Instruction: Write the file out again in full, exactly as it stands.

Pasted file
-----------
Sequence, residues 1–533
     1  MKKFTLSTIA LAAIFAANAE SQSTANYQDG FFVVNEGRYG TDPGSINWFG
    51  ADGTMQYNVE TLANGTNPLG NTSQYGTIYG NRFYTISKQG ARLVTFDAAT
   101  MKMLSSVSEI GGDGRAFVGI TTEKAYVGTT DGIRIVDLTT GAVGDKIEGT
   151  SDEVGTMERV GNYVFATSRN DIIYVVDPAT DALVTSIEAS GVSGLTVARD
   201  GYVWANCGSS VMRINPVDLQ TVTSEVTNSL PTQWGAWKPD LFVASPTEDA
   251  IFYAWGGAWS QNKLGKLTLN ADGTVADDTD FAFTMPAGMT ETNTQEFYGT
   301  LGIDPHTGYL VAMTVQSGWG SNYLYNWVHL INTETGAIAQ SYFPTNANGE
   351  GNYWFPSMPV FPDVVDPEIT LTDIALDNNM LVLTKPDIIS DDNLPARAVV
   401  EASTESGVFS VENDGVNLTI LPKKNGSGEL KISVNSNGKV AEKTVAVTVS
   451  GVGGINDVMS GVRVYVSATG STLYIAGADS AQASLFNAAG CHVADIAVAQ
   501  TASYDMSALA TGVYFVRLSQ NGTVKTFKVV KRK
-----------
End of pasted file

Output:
Sequence, residues 1–533
     1  MKKFTLSTIA LAAIFAANAE SQSTANYQDG FFVVNEGRYG TDPGSINWFG
    51  ADGTMQYNVE TLANGTNPLG NTSQYGTIYG NRFYTISKQG ARLVTFDAAT
   101  MKMLSSVSEI GGDGRAFVGI TTEKAYVGTT DGIRIVDLTT GAVGDKIEGT
   151  SDEVGTMERV GNYVFATSRN DIIYVVDPAT DALVTSIEAS GVSGLTVARD
   201  GYVWANCGSS VMRINPVDLQ TVTSEVTNSL PTQWGAWKPD LFVASPTEDA
   251  IFYAWGGAWS QNKLGKLTLN ADGTVADDTD FAFTMPAGMT ETNTQEFYGT
   301  LGIDPHTGYL VAMTVQSGWG SNYLYNWVHL INTETGAIAQ SYFPTNANGE
   351  GNYWFPSMPV FPDVVDPEIT LTDIALDNNM LVLTKPDIIS DDNLPARAVV
   401  EASTESGVFS VENDGVNLTI LPKKNGSGEL KISVNSNGKV AEKTVAVTVS
   451  GVGGINDVMS GVRVYVSATG STLYIAGADS AQASLFNAAG CHVADIAVAQ
   501  TASYDMSALA TGVYFVRLSQ NGTVKTFKVV KRK